EDITOR’S NOTE: This is the first in a four-part series of posts this week by statistician Mike Logsdon. Mike bikes across the Fremont Bridge every day, and put together this analysis of the bike counter data “mostly for the amusement of friends and coworkers.” I hope you enjoy it as much as I do.
The Seattle Department of Transportation installed a bicycle counter at the Fremont Bridge on October 2, 2012. The Fremont Bridge is the primary route for bicycle commuters who live in northwest Seattle and work downtown. I’m sure that some brave souls tangle with the gnarly and unsafe Ballard bridge sidewalk, and some adventurous souls cross the Hiram Chittenden Locks, but the Fremont Bridge is by far the most suitable bike crossing for commuters traveling from northwest Seattle to the urban center.
The city of Seattle has made the hourly bicycle crossing data public, and uploaded it to Seattle’s data webpage. I accessed the Fremont bridge bicycle counter data on May 20, 2014. Note that this data can also be visualized at SDOT through a Tableau interface, if you wish to poke around in it yourself.
This document discusses the Fremont Bridge bicycle crossing data. First, we present the data, then investigate the following:
- How much does rain dissuade ridership?
- Does the Cascade Bicycle Club’s “Bike Month” affect the rate of bicycle commuting?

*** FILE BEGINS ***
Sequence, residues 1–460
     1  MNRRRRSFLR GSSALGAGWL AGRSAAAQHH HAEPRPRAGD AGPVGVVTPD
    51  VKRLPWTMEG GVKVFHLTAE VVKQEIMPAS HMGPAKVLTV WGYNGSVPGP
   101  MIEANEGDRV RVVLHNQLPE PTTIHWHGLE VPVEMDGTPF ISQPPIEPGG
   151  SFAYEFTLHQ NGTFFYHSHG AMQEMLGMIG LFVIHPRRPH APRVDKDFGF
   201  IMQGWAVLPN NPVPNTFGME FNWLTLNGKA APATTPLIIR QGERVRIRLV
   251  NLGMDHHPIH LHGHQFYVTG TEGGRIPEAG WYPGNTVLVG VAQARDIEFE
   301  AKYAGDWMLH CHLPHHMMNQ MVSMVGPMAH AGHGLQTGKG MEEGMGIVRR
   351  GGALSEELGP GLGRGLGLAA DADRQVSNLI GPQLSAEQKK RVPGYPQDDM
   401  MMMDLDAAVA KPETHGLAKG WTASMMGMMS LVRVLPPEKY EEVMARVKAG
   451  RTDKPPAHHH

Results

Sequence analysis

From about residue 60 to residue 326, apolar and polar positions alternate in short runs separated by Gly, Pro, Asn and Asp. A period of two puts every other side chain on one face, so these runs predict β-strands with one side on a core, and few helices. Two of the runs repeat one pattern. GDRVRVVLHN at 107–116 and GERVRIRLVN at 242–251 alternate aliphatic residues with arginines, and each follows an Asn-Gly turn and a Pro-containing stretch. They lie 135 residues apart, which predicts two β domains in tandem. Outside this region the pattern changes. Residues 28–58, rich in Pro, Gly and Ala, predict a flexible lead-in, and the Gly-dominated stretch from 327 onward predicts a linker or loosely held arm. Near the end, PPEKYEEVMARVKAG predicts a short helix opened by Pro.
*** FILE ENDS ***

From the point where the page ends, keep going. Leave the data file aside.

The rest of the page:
- Are Fremont Bridge bicycle trips increasing?
Figure 1 shows the daily total bicycle trips across the Fremont Bridge. Weekday bicycle trips averaged roughly 2,000 per day in the winter, and 4,000 per day in the summer, with daily variation of about 1,000 riders on each side of the average. Weekend trips were on average about 1,400 fewer than weekday trips. Federal holidays saw crossing rates similar to weekends. If you bicycled across the Fremont Bridge on a sunny, July weekday, it probably looked like this. If you did the same on a rainy, January weekend, you probably enjoyed a moment of peace and solace.
Figure 2 shows the entirety of the data, broken down hourly. This basic, exploratory view of the data confirms what we know should be true. (This is always heartening when working with data, as the opposite is often true, and you waste time searching for an error in the source data, and error in the computer code, or an error in your conceptualization of the project.) Peak commute hours are 8am to 9am, and 5pm to 6pm. Those peak commute times saw anywhere between 200 and 800 riders per hour, depending on the time of year. The weekends saw fewer trips, clustered more towards midday. I removed data from a few days with suspicious looking spikes, which have been acknowledged as erroneous, but one spike remained – 11pm to midnight on July 4, 2013. It would appear as though several hundred people rode bicycles across the bridge after the fireworks display.
Next in the series, we will look at the effect of precipitation on ridership volumes.